[quote]Simplicity is the ultimate sophistication.[/quote]
---Leonardo da Vinci
Starting at 6 weeks pregnant, my body changed pretty quickly, from the shape of it to the state of my health (Morning sickness is for sissies. Try all day sickness for 5 months straight. It’s awesome). These changes greatly dictated what I could and couldn’t stand to wear. Bending over made me sick, so all shoes had to be slip on (and roomy). Anything pressing on my abdomen also made me sick, so all waistbands that landed where normal waistbands land were out. This basically ruled out all regular clothing that I already owned except for two pieces (one wrap dress and one stretchy, cowl neck tank), which meant that I had to get an entire wardrobe to accommodate the new demands of my body for the next 8 months, and a limited budget in which to do it. Enter the great Limited Wardrobe Experiment.
I needed a uniform that could get me through most social situations -- from weekends to work to the occasional party -- if this finite wardrobe thing was going to work. After some serious online research, I went with these basic combinations: a) Skirt, shirt, blazer, sandals b) dress, blazer, sandals c) maternity leggings, bum-covering tunic top, blazer, sandals. I accomplished this look by buying 25 pieces and incorporating the dress and shirt that I already owned. Perhaps this is not as streamlined as the super chic French 10-Item Limited Wardrobe, but for a preggers gal with a growing gut, I’d say that’s pretty good. I bought 5 maternity shirts and 5 tunic tops, 3 pairs of maternity leggings, 3 skirts, 6 dresses, 2 blazers, and one pair of edema-accommodating, sole-supporting, metallic Birkenstocks. All in all, I was out about five Benjamins by the end of my shopping spree, but I haven’t spent a red cent since.
The cons of a limited wardrobe are there. I miss my 21 other pairs of shoes that I rotated regularly (I’m a shoe ho, guys), and my unfortunate, swollen feet are constantly on display for the world to see. I sometimes stare longingly into my closet at the stack of neglected jeans (I really miss my jeans). I get bored with the same outfits over and over again. However, I spend a whole lot less time fretting over what to wear in the mornings because I only have so many choices, and, frankly, I have to do more important things with my time right now (like take classes on how to get this baby out of me). I know that whatever combination I pick will look immediately pulled together which, when you’re waddling around at 36 weeks pregnant feeling like the Stay Puft Marshmallow Man, is a small blessing. I wear everything I bought regularly, so I’m certainly getting my money’s worth, and now I have a classic wardrobe all set up for the next time I’m in the family way (the next time?? Let’s get through birth #1 first, lady). I also feel like the uniform look is a good tool to have when I’m in the throes of early parenthood and my brain is too addlepated to spend any time thinking about anything other than diapers and how to get my kid to sleep. The limited wardrobe definitely has its benefits, too.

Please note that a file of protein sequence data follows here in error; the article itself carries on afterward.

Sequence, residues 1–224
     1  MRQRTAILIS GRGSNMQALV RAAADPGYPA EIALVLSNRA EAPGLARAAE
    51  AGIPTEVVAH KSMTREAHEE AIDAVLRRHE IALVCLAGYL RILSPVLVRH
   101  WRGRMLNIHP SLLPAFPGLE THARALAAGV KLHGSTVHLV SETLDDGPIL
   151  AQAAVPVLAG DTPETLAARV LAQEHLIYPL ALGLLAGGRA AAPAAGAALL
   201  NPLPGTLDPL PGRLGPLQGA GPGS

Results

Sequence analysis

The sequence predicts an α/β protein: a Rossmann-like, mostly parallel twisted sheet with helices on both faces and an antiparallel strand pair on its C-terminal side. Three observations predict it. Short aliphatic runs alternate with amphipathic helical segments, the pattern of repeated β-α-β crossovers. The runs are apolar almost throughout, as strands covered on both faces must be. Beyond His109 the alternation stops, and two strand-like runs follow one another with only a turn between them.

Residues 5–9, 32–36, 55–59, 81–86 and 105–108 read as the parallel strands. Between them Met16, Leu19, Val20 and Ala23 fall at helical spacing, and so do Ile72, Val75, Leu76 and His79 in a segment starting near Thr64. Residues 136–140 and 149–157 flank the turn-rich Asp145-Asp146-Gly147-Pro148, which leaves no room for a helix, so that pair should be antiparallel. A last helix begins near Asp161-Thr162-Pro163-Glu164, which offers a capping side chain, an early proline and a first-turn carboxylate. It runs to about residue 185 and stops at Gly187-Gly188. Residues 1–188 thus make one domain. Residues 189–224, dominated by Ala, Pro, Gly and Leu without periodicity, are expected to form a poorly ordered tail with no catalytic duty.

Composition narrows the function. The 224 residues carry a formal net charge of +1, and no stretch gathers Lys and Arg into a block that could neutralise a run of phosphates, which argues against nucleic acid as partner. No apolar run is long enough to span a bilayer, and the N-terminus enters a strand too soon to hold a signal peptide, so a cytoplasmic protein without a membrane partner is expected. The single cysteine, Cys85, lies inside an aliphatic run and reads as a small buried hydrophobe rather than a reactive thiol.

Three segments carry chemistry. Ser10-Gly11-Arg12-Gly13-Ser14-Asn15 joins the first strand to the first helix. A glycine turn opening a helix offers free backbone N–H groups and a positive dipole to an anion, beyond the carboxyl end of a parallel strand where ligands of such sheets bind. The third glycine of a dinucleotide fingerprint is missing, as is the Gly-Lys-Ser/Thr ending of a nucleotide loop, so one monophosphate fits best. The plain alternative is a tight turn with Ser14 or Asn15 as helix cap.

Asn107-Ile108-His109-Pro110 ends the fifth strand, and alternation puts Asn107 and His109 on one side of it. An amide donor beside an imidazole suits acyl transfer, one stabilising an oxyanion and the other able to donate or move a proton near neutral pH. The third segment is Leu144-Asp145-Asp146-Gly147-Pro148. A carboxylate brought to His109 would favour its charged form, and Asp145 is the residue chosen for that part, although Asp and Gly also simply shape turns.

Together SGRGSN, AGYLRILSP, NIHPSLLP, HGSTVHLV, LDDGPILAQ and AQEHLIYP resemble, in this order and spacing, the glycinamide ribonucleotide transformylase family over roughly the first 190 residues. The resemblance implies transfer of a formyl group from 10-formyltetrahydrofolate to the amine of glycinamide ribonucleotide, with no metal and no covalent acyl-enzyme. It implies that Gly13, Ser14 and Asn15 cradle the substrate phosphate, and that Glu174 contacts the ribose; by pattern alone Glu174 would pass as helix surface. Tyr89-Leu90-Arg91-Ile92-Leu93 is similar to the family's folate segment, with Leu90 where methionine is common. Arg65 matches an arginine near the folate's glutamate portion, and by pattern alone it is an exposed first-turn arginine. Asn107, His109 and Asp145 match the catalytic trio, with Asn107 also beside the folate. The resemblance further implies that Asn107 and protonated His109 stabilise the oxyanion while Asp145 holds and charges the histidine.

The verdict: While I’m not in any rush to decimate my shoe collection or pare my wardrobe down to a paltry 10 items like some crazy Francophile, I do have the urge to purge. I’ve come to appreciate the ease of a smaller wardrobe and plan on employing the uniform approach, a la Emmanuelle Alt, in moderation, when my body returns to a more consistent shape and size. I like the self-discipline of employing more rigorous standards before I’m allowed to add something to my wardrobe, and, maybe in this world of consumerism and over-complication, we could all use a little more self-discipline and simplicity.
Here are some tips on learning to do more with less:
Do: Pare it down, people! Here are 10 easy steps for whittling down your wardrobe.
Wear: Think quality, not quantity. Once you’ve purged, here are 10 timeless pieces to invest in.
Read: Explore the concept of less is more in other areas of your life with this fascinating read by Joshua Fields Millburn and Ryan Nicodemus.